Venezuela’s embattled President Nicolás Maduro on Sunday hiked the minimum wage by 50 per cent in another hapless attempt to face a festering economic crisis teetering on hyperinflation. “To start the year, I have decided to raise salaries,” he said on his weekly broadcast. This is one of many increases over the last year.
With the hike, a Venezuelan worker will earn 40,683 bolívars a month. This is $60 a month at the weakest legal exchange rate, or roughly $12 a month at the black market exchange rate. That, alongside a hike in a mandatory food subsidy, brings the total minimum wage to 104,358 bolívares, or $31 at the unofficial rate.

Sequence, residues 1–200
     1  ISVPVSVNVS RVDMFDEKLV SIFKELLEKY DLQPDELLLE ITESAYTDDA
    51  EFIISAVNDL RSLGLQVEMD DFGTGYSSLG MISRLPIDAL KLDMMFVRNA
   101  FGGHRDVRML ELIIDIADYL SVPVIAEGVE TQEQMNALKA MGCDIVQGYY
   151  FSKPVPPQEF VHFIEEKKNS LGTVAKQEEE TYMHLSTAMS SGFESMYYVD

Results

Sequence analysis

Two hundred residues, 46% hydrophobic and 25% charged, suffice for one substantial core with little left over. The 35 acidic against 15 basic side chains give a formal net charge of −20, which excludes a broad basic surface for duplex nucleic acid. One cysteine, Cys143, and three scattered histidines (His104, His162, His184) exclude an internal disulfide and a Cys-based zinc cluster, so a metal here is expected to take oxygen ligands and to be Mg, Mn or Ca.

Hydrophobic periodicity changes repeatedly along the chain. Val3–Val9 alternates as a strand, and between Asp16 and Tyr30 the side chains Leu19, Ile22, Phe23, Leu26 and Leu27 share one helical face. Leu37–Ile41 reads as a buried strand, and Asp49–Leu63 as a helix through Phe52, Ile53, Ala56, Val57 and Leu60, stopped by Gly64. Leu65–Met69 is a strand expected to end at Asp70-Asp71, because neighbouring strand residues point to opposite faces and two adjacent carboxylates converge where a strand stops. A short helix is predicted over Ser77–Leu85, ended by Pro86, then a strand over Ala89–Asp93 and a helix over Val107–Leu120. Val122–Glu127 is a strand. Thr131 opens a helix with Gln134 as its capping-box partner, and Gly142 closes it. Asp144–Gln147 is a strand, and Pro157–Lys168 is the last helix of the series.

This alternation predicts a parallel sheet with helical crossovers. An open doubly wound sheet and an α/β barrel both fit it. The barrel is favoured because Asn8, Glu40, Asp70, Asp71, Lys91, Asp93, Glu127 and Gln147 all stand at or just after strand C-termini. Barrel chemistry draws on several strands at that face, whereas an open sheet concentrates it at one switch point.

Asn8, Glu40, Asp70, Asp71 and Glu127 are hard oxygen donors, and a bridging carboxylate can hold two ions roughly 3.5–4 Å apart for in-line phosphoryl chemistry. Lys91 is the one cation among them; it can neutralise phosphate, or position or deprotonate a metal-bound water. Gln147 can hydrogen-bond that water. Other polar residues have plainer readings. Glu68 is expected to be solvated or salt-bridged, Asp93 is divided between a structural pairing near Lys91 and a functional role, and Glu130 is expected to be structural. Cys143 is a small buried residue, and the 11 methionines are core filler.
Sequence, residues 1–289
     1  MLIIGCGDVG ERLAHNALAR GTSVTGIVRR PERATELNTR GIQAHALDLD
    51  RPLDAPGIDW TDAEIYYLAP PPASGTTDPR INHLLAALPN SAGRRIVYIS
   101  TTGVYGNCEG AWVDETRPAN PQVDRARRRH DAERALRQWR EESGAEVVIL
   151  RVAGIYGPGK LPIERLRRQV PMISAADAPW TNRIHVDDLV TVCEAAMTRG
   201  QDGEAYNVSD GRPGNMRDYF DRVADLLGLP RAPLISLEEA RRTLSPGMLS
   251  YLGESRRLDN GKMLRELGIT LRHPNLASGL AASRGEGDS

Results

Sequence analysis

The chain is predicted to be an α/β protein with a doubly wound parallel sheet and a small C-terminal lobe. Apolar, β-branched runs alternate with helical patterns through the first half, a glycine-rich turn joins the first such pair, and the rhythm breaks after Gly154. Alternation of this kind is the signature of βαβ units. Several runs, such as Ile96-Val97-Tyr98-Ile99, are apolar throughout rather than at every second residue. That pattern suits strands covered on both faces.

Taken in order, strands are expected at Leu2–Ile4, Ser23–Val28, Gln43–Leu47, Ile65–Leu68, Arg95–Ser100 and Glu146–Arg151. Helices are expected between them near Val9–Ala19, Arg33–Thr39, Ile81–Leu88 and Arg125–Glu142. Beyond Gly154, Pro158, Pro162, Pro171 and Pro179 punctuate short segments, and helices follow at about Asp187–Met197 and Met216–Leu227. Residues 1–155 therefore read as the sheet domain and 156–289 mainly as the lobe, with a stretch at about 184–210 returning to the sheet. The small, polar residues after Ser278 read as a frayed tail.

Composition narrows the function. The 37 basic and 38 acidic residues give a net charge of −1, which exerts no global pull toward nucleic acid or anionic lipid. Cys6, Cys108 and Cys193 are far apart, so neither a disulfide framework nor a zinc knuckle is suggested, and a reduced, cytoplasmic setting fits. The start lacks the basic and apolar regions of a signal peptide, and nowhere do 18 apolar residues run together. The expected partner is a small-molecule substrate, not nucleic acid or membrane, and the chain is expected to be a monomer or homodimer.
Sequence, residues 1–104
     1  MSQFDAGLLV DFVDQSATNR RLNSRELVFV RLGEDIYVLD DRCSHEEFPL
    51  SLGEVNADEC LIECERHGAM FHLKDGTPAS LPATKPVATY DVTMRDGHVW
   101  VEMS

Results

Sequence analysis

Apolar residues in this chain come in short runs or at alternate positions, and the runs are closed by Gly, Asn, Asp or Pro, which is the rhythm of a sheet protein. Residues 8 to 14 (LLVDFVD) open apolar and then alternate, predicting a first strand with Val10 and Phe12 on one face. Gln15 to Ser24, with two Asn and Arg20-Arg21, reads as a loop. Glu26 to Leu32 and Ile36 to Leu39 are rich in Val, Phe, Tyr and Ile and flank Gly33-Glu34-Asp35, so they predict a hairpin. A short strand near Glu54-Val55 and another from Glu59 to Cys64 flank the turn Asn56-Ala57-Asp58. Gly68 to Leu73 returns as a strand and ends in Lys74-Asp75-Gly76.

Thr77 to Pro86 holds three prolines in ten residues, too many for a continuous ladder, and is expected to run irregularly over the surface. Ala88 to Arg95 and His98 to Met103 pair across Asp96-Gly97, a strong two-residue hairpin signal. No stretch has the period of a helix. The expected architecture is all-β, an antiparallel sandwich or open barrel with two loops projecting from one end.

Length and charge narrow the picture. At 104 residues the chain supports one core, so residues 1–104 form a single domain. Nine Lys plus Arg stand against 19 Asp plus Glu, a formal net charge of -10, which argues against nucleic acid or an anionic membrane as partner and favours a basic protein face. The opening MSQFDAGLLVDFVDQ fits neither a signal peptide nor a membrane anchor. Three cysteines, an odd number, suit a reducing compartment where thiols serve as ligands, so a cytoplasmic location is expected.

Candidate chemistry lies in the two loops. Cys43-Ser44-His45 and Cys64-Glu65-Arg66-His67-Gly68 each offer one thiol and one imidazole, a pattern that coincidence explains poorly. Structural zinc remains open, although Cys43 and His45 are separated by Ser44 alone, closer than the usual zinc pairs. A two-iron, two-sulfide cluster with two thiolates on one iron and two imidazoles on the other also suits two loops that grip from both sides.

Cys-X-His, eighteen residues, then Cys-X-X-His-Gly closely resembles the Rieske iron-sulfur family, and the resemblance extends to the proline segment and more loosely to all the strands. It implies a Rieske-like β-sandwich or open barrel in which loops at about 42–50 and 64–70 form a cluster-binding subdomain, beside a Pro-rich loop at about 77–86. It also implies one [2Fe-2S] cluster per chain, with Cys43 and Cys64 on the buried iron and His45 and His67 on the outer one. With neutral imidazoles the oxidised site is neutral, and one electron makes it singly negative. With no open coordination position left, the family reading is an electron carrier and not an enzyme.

According to calculations by Reuters, this means Mr Maduro has raised the minimum salary by a cumulative 322 percent since February 2016. But critics argue this will do nothing for impoverished Venezuelans to alleviate the dual perils of food shortages and galloping inflation forecast by the IMF to top four digits in 2017.